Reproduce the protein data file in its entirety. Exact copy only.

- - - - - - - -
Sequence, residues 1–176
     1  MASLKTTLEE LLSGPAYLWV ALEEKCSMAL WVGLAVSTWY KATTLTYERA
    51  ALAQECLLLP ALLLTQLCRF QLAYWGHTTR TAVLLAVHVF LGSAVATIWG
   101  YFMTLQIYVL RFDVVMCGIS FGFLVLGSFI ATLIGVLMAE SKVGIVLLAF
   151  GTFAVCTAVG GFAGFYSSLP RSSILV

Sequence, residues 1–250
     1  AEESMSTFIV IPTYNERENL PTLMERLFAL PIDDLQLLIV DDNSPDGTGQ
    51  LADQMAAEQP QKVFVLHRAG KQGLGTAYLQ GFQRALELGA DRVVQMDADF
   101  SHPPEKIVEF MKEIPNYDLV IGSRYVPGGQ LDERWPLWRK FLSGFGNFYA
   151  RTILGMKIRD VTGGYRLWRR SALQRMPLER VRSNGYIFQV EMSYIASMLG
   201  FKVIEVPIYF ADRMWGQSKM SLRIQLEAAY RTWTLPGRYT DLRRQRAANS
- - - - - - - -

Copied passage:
Sequence, residues 1–176
     1  MASLKTTLEE LLSGPAYLWV ALEEKCSMAL WVGLAVSTWY KATTLTYERA
    51  ALAQECLLLP ALLLTQLCRF QLAYWGHTTR TAVLLAVHVF LGSAVATIWG
   101  YFMTLQIYVL RFDVVMCGIS FGFLVLGSFI ATLIGVLMAE SKVGIVLLAF
   151  GTFAVCTAVG GFAGFYSSLP RSSILV

Sequence, residues 1–250
     1  AEESMSTFIV IPTYNERENL PTLMERLFAL PIDDLQLLIV DDNSPDGTGQ
    51  LADQMAAEQP QKVFVLHRAG KQGLGTAYLQ GFQRALELGA DRVVQMDADF
   101  SHPPEKIVEF MKEIPNYDLV IGSRYVPGGQ LDERWPLWRK FLSGFGNFYA
   151  RTILGMKIRD VTGGYRLWRR SALQRMPLER VRSNGYIFQV EMSYIASMLG
   201  FKVIEVPIYF ADRMWGQSKM SLRIQLEAAY RTWTLPGRYT DLRRQRAANS